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LeakyRelu is a good option for remedying dead neurons, so it's reasonable to use. But, having negative inputs doesn't cause this because your weight initialization can also have negative weights and turn the positive inputs into negative when multiplied. This is hardly a problem. It's usually preferred that your inputs have zero-mean, so very natural to have negative inputs as well.

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Dead neurons refer to the fact that the network comes to a state where the back-propagation step (which is used to update the internal network's weights and biases) isn't effective enough, as the changes in values are zero or close to zero. One way to get a dead neuron situation is to initialize your network with weight and bias values of zero, with ReLU activations: this will produce an input value to the activation function of zero, which has a derivative of zero in that point. When updating the weights, the gradient will be zero so no changes are made.

The same issue can arise when a neuron received negative values to its ReLU activation function: since for x<=0 f(x)=0, the output will always be zero, with again zero gradient.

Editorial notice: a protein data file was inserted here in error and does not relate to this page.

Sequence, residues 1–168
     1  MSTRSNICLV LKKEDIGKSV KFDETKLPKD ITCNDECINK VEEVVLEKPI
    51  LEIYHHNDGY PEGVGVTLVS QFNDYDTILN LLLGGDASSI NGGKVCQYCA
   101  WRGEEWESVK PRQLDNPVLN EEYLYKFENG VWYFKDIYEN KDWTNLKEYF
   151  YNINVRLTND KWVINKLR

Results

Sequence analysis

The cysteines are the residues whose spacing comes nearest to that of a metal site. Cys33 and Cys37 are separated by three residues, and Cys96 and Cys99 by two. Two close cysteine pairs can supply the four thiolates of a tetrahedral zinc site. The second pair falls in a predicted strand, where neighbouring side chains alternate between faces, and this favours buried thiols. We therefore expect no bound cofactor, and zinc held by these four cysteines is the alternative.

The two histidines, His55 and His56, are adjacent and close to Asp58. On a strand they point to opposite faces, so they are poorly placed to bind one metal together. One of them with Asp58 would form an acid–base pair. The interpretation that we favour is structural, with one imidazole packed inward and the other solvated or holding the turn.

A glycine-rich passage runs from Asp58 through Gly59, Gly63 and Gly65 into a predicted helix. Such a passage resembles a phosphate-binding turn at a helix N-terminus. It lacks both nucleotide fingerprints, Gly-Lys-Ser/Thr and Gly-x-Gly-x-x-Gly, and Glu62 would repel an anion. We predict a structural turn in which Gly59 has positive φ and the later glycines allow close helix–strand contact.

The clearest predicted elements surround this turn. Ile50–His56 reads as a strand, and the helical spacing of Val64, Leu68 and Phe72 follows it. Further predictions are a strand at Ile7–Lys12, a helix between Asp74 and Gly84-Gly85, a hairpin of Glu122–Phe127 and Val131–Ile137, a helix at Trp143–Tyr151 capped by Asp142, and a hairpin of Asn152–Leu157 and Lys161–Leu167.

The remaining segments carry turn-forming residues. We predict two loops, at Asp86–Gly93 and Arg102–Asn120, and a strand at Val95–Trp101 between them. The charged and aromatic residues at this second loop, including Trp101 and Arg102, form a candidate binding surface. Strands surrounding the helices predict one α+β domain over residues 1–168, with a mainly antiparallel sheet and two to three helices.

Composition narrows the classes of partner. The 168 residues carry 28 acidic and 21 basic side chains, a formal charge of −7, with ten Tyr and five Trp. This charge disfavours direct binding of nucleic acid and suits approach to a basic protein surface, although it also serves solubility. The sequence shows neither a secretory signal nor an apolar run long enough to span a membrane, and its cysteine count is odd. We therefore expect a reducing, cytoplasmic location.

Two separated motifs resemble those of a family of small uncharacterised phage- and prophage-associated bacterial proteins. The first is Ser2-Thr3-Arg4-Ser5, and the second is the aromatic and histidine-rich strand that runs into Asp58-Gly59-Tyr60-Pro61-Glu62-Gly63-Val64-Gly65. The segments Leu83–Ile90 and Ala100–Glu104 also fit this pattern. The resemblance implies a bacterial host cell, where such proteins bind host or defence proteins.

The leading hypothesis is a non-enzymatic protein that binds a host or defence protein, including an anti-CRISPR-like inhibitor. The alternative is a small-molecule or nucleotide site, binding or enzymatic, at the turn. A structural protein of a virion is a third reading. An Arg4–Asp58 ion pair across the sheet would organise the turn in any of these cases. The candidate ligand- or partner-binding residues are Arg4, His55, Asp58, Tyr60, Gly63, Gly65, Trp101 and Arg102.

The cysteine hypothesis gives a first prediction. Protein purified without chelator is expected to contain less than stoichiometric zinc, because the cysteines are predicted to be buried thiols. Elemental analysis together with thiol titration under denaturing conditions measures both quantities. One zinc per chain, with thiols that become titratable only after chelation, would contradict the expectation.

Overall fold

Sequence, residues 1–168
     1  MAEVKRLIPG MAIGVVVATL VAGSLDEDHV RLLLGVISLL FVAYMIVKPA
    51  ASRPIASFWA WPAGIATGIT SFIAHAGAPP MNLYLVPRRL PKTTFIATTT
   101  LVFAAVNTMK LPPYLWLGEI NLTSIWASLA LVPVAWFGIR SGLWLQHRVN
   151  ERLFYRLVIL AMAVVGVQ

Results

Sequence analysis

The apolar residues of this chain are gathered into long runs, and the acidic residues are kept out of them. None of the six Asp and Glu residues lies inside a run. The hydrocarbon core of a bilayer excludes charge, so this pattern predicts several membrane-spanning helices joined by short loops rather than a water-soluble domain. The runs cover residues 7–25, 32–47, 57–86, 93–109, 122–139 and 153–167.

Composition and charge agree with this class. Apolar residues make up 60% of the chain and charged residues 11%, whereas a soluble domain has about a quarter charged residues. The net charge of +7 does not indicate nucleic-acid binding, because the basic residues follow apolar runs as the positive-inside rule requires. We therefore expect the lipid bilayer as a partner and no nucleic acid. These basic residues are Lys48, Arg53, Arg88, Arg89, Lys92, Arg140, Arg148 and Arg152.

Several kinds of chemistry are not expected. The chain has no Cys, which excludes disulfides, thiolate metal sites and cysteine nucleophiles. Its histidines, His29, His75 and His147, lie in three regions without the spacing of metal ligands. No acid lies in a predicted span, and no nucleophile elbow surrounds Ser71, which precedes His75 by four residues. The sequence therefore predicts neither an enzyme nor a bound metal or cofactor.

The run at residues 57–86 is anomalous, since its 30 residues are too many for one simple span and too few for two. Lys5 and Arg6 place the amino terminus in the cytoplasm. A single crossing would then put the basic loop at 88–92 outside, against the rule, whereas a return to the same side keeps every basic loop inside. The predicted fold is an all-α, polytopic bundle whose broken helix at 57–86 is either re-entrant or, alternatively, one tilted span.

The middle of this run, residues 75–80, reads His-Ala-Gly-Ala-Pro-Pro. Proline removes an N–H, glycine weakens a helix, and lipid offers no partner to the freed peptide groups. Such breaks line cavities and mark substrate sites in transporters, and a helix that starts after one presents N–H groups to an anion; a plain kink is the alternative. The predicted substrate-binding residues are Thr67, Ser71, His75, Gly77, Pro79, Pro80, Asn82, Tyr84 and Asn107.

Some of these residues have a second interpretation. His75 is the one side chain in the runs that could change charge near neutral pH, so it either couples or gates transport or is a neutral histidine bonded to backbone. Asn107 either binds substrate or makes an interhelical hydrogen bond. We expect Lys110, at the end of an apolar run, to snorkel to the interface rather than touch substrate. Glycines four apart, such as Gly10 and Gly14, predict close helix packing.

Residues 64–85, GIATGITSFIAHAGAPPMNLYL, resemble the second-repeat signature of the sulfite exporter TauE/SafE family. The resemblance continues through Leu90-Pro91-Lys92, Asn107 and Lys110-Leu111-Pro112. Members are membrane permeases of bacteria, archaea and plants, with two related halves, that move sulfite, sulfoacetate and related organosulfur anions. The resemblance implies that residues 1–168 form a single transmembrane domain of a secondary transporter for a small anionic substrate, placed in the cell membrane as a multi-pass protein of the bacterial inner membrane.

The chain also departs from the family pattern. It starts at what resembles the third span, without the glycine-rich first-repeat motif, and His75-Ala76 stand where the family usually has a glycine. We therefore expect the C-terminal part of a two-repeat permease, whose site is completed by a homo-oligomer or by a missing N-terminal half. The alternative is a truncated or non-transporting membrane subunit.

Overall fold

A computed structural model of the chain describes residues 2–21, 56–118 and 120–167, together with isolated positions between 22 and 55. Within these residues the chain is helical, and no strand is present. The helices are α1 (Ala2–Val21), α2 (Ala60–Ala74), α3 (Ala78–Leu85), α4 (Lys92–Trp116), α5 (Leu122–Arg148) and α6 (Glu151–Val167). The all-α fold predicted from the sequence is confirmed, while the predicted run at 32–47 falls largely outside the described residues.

To remedy this, we have activation functions like LeakyReLU, which has nonzero activation for negative values, and thus nonzero gradient. A zero-initialized network will still have the same issue, as LeakyReLUs still have outputs of zero for any input, but manage to solve the problems with negative values.

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  • $\begingroup$ Nice explanation! But the other answers seem to disagree with you. They say negative inputs do not produce dead neurons and neither do zero inputs! $\endgroup$
    – spectre
    Dec 23, 2021 at 10:39
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    $\begingroup$ @spectre that is true, but I mentioned the fact that what may produce dead neurons is having zero weights and biases, meaning you would end up doing ReLU(input*0+0) -> always 0 $\endgroup$
    – HitLuca
    Dec 23, 2021 at 11:33
  • $\begingroup$ Ok got it now! The weights and biases both being null will cause dead neurons! $\endgroup$
    – spectre
    Dec 23, 2021 at 12:47
  • $\begingroup$ Technically being 0 (not null), there are some other cases in which it can happen, but it's a very straightforward example to understand why this stuff happens :) $\endgroup$
    – HitLuca
    Dec 23, 2021 at 13:05
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ReLu neurons can indeed effectively ignore some input values. This is a good thing. The neurons are coupled to the inputs via trained weights, so some inputs are ignored by some neurons and other inputs are ignored by other neurons. It allows weights in the subsequent layers to focus on interesting subsets of your input space